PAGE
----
Editor's View May 2017

Heads Up

Although changes in business happen all the time, harbingers of future directions can be overlooked until so many companies are following suit that the development is deemed a trend. Once it reaches that stage, if you’re not already part of it, you’re stuck paddling upsteam frantically to catch up.

Some interesting developments presented in sidebars and columns in this issue may turn out to be front-running concepts that will evolve into widespread practices.
• p. 26— “J. Queen New York Innovates With 360 Shopping Experience Online.” One of the difficulties in selling lines that span multiple categories in brick-amd-mortar stores has been the physical space available. Fashion bedding is displayed on one end of the floor, for example, and coordinating bath products on another. That doesn’t make it easy for consumers to consider multiple purchases.
Enter the internet. The J. Queen online 360 Program allows consumers to see what coordinating products look like in aspirational spaces. Unlike some existing apps that place an image of a single product in a created room or a photo of the consumer’s own room, the 360 Program allows consumers to see all the products in a J. Queen line within a setting that moves and pans, and interactively changes with a click from one room, to product close-ups, to different product views and to adjacent rooms.
The 360 Program brings a sense of excitement to selling more than one product at a time—and could potentially be the wave of the future.
• p. 22—“Coyuchi Launches Bed Linen Subscription Service.” For several years, auto-delivery options on tv shopping channels have been a successful way to generate repeat business. At the same time, in apparel and beauty products, e-commerce sites have emerged that deliver monthly purchases to subscribers—whether it’s women’s apparel rentals or boxes of assorted cosmetics based on preference profiles.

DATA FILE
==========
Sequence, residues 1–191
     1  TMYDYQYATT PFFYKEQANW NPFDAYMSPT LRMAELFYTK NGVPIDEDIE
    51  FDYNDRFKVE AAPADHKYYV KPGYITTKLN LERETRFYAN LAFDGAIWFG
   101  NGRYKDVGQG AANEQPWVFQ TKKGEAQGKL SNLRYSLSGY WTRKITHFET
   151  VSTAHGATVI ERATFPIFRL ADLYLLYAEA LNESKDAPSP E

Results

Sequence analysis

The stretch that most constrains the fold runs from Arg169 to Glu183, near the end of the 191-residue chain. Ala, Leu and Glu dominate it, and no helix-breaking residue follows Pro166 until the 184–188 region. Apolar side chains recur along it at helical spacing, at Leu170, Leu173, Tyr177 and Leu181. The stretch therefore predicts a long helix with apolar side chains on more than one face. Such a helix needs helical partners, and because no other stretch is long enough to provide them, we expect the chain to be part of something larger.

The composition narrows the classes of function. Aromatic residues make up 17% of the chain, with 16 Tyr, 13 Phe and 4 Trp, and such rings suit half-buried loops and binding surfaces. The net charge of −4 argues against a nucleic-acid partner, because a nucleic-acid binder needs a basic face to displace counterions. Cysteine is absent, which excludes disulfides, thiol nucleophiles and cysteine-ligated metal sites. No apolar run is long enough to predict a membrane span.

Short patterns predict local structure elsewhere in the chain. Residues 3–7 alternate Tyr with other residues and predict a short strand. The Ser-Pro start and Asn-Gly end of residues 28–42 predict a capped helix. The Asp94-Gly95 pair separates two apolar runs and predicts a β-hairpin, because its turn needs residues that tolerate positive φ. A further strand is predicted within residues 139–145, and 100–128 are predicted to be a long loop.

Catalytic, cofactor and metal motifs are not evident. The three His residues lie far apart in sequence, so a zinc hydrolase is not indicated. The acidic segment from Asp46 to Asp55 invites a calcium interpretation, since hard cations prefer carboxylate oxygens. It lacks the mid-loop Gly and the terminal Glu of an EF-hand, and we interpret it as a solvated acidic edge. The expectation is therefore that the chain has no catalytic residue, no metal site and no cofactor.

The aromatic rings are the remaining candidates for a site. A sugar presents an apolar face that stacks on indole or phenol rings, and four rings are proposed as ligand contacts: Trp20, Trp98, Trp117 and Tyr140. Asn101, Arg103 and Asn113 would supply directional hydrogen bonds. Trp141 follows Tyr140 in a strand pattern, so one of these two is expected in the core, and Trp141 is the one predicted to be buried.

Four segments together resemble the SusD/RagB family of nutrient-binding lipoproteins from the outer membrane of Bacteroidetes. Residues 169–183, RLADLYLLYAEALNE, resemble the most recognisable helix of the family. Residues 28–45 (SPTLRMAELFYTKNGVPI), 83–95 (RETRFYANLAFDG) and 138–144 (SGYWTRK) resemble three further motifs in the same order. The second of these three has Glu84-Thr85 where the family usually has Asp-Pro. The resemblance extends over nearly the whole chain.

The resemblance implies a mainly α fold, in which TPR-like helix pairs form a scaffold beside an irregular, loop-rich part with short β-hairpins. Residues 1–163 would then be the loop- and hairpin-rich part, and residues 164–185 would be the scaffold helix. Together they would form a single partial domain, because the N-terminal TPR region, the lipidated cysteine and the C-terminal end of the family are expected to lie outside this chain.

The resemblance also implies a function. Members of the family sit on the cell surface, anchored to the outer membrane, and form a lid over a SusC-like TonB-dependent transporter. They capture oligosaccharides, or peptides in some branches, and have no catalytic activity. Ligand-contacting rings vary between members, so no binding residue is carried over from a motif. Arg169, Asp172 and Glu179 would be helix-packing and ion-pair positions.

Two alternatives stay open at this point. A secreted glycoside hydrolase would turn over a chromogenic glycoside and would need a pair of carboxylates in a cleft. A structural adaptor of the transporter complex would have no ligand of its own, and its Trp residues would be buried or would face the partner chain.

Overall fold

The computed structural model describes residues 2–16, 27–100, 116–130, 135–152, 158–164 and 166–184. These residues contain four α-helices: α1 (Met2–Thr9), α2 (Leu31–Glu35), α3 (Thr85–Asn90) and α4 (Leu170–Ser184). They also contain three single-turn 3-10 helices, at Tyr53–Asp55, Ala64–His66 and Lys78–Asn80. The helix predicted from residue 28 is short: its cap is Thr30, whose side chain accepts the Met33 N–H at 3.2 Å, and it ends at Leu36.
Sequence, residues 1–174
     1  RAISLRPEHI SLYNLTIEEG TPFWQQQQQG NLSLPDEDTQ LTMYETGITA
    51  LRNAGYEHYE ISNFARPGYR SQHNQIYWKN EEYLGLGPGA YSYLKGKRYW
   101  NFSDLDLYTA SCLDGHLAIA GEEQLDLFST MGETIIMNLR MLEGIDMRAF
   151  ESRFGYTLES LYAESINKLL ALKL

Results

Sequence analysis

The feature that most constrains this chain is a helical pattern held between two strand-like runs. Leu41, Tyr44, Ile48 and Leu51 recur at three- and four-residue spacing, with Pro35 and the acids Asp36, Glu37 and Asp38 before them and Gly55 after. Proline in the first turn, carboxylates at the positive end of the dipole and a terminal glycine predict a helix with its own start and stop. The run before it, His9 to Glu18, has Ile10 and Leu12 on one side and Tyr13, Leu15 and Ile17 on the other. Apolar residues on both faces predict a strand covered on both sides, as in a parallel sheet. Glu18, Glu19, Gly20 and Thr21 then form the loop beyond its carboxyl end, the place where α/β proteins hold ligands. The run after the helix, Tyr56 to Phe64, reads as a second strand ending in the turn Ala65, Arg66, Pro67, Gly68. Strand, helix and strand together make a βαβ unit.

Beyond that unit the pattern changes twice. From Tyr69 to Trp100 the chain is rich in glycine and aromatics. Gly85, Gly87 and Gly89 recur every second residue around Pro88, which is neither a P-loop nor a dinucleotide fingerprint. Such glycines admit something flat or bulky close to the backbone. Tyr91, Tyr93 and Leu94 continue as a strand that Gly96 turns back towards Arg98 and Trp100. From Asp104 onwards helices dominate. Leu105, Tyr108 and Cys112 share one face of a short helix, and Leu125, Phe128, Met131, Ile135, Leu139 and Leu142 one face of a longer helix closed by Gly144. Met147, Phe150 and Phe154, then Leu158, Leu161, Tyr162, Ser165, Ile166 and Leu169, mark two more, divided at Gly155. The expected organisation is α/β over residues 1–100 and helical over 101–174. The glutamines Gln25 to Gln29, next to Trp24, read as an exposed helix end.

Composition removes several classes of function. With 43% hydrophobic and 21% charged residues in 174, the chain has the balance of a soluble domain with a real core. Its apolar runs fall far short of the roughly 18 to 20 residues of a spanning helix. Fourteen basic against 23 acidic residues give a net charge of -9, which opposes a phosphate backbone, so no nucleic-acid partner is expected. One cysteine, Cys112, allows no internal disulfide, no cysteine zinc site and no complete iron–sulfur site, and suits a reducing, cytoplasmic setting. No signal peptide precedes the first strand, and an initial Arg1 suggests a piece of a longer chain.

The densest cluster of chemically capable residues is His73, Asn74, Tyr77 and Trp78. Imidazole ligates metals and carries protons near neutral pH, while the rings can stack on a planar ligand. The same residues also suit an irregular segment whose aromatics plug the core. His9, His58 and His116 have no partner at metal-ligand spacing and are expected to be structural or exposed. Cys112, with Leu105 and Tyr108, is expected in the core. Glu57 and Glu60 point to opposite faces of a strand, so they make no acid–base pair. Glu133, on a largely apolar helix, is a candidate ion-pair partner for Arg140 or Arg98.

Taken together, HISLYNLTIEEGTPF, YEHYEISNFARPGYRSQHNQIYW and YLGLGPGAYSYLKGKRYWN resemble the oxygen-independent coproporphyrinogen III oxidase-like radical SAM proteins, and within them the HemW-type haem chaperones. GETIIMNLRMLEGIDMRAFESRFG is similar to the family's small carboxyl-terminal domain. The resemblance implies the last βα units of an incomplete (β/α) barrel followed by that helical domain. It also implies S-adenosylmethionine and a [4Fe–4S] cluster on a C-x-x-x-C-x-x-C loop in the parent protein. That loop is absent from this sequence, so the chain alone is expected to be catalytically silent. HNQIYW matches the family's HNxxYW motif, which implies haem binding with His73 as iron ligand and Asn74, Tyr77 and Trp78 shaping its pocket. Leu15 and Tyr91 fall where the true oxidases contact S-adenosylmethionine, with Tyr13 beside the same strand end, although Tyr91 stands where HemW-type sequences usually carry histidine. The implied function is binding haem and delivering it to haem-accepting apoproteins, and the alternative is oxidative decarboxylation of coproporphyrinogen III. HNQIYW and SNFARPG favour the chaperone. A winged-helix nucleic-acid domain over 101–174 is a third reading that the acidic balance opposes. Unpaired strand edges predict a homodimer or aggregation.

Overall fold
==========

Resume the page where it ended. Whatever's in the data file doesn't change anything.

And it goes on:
Coyuchi For Life is a new subscription service with a monthly fee for sheets, duvet covers and towels that is allowing home textiles to get into the act. The program hits several hot buttons for consumers. It makes it hassle-free to replenish necessities. It plays into what Coyuchi board chairman, Kevin Surace, calls the “I don’t want to own” economy. And it provides a “feel good” component. The Coyuchi linens are eco-friendly with used linens returned to be recycled, keeping them out of landfills. If this works for Coyuchi, look for more options in basic bedding and bath like it in the future.
• p. 6—“One Kings Lane To Debut Southampton Summer Shop.” In recent years, brick-and-mortar store growth has been generally in decline with online sales rising. Pundits have stated that omni-channel retailing is the way to go. This direction is reiterated by a recent move from One Kings Lane. The primarily online retailer is opening a brick-and-mortar shop in Southampton, N.Y., for the summer.
A spokesperson for One Kings Lane reports that the company is moving out of flash sale model and into a dependable lifestyle brand, and that a physical retail strategy is needed to engage customers in personalized designing. This is a sign that what retail venues are chosen depend upon business goals and what type of consumer contact is needed to achieve them. Brick-and-mortar’s decline doesn’t mean it’s going to disappear in the future. That venue just needs to morph into something more relevant to today’s consumers and specific to the goals of the companies it serves.